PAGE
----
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Fresh seafood out of Breidafjordur | © Richard Whitaker/Flickr
Fresh seafood out of Breidafjordur | © Richard Whitaker/Flickr
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A Seafood Lover's Guide to Reykjavik

Picture of Camille Buckley
Updated: 7 June 2017
Some of the most prolific fishing in the North Atlantic Ocean is in the area surrounding Iceland. In fact, Iceland’s only active involvement in a ‘war’ was about fish, the Cod Wars, a series of territorial fishing disputes with the United Kingdom from 1952-1976.

If you want to learn more about Iceland’s cultural history with seafood visit the Maritime Museum. As a seafaring nation with centuries of practice in cultivating the best methods of preparing fish and seafood, it is no surprise that Reykjavik offers some incredible establishments with mouthwatering seafood.

cod drying rack | © Thomas Quine/Flickr
Cod drying rack | © Thomas Quine/Flickr

Buying fresh seafood to prepare yourself is always an option. There are many great seafood shops and markets in the capital area such as Fiskbúðin on Sunlaugavegi, Fiskikóngurinn, and Fiskibúðin Vegamót in Seltjarnarnes. Here you can find prepared seafood dishes in a variety of herbs and spices such as curried catfish with cashews or marinated cod in sundried tomatoes, garlic and pepper. Prepare to be blown away by the freshness and the knowledgeable staff that deal directly with fishermen.

Reykjavik | © Jason Paris/Flickr
Reykjavik | © Jason Paris/Flickr

Fiskfélagið, The Fish Company, is well known for some of the best seafood in Iceland. Here you can try a very creative assortment of flavors and textures on offer on the tasting menu. Located under a bridge downtown in a former store built in the 19th century, The Fish Company offers an exciting blend of Nordic fusion. Enjoy the unique interior decor designed by Leif Welding and the owner, Lárus Gunnar. From the menu, try the Caraway cured salmon with cumin cheese, glazed carrot and Skyr foam, Thornberry gel and smoked almonds with fresh herbs, or perhaps the slowly cooked haddock with caramelized cauliflower puree, birch scorched onion and brambleberry granit, cauliflower heads and dill oil.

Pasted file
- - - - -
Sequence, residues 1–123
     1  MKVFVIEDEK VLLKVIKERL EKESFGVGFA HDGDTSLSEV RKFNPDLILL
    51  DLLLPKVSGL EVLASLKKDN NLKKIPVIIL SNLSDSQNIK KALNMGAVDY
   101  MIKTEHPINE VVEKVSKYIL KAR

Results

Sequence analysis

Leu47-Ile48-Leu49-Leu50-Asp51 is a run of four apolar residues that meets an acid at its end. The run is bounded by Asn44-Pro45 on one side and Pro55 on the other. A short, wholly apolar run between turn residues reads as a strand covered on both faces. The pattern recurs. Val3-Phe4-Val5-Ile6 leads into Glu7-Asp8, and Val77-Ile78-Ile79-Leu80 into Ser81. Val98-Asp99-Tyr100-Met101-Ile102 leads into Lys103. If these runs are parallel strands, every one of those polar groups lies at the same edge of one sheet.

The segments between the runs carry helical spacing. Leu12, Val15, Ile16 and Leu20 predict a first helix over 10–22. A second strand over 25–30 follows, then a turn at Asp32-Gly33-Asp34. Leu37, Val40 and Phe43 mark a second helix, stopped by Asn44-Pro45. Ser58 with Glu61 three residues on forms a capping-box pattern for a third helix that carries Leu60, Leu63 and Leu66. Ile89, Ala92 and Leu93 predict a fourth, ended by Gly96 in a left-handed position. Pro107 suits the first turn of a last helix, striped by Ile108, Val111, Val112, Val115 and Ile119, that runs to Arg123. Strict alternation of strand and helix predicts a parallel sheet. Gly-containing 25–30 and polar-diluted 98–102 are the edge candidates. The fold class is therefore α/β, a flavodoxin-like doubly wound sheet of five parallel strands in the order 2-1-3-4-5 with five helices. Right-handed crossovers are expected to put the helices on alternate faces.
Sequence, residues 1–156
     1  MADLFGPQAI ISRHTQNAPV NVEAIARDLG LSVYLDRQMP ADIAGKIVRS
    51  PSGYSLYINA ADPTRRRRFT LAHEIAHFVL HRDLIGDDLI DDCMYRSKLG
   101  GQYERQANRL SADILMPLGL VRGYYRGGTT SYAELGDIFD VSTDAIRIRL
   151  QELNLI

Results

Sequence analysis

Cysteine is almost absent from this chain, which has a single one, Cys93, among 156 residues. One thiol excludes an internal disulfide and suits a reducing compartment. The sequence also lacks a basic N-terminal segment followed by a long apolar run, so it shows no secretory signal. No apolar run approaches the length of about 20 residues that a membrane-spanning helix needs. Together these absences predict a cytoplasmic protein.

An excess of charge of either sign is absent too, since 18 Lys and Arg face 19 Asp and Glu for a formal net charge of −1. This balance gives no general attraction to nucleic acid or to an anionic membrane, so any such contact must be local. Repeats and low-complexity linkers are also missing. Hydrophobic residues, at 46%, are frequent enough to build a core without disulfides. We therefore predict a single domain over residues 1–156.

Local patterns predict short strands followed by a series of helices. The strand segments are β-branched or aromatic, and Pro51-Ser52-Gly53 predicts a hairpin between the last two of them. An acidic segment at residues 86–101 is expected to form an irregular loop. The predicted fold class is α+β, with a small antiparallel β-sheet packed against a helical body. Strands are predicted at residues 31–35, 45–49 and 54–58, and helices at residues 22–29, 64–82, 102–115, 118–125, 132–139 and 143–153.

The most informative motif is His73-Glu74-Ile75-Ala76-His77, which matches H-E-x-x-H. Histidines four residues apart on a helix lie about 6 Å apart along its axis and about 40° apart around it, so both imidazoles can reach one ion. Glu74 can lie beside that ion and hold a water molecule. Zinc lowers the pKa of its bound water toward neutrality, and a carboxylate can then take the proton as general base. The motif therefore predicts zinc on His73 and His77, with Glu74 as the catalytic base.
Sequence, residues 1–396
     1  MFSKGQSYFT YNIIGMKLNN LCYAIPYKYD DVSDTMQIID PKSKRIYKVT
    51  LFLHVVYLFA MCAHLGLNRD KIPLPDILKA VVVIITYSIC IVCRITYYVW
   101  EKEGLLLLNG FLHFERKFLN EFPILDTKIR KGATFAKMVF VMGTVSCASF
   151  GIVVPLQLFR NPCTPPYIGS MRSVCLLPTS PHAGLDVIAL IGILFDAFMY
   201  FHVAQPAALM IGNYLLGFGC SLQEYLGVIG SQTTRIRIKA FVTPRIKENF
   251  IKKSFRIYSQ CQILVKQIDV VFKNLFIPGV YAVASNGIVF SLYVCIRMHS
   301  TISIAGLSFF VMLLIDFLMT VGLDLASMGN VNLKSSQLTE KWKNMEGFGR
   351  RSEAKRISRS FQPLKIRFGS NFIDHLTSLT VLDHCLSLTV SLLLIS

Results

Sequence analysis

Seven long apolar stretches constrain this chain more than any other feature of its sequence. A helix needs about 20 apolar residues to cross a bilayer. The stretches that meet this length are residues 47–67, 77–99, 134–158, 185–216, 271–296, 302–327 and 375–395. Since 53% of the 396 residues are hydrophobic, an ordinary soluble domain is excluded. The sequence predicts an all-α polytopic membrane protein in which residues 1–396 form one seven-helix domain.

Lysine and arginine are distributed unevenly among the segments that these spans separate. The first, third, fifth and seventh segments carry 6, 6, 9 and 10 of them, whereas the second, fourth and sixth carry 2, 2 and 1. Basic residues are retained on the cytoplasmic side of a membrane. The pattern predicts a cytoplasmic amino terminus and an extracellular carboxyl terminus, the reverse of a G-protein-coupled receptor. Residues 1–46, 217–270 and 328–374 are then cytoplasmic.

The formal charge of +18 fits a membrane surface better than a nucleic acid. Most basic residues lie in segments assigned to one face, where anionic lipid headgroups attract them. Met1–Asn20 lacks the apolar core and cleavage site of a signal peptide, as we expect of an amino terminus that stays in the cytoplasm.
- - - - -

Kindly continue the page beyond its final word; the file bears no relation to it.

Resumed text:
Local seafood specialty at Fiskfelagid | © Jason Paris/Flickr
Local seafood specialty at Fiskfelagid | © Jason Paris/Flickr

Fiskmarkaðurinn, The Fish Market, is housed in one of the oldest buildings in central Reykjavík and headed by chef Hrefna Rósa Sætran of the Icelandic National Culinary team. You can watch the dishes being prepared from the open kitchen. The Fish Market offers all the best that Icelandic seafood has to offer with salted cod, Atlantic catfish, salmon, blue ling, langoustine tails and flounder. There is also the unique offer of Iceland meets Japan in the extensive sushi menu combining the best of both worlds.

At Þrír Frakkar, Three Coats, you can try the Icelandic seafood classics like hákarl, the infamous cured shark, or roasted Minke whale. Try the pan-fried plaice with gorgonzola sauce, or the pan-fried halibut with langoustine or monkfish cooked to the most delicate perfection. Þrír Frakkar has been managed by the chef, Úlfar Eysteinsson and his family since opening in 1989. Located on a quiet street close to downtown, the restaurant offers a classic, laid-back atmosphere. Well regarded as one of the best places for fish in Reykjavik, the cozy restaurant is also apparently a favorite of Jamie Oliver’s.

Butter-fried halibut (Þrír Frakkar) | © Flickr/Audrey
Butter-fried halibut (Þrír Frakkar) | © Audrey / Flickr

Messinn has an incredible array of seafood to sample. From the traditional Icelandic plokkfiskur, a stew of cod, potatoes, garlic, and butter, to a newer twist: Fillet of cod with chili, curry, leek, apples, mango chutney, white wine and parmesan. At Messinn you can also try citrus marinated shrimps, oven baked ginger scampi, cured salmon rubbed with juniper berries or a fish burger. You will not be disappointed.

Harbour, Reykjavik | © Tanya Hart/Flickr
Harbour, Reykjavik | © Tanya Hart/Flickr

If you are visiting Iceland during the bright month of June, check out the Fisherman’s Day festivities always held on the first Sunday in June by the Reykjavik harbour and the Festival of the Sea which takes place usually the weekend after. All events are surrounding traditional Icelandic culture and Iceland’s longstanding dependence on fishing. It has been celebrated since 1938 to bring solidarity amongst fisherman.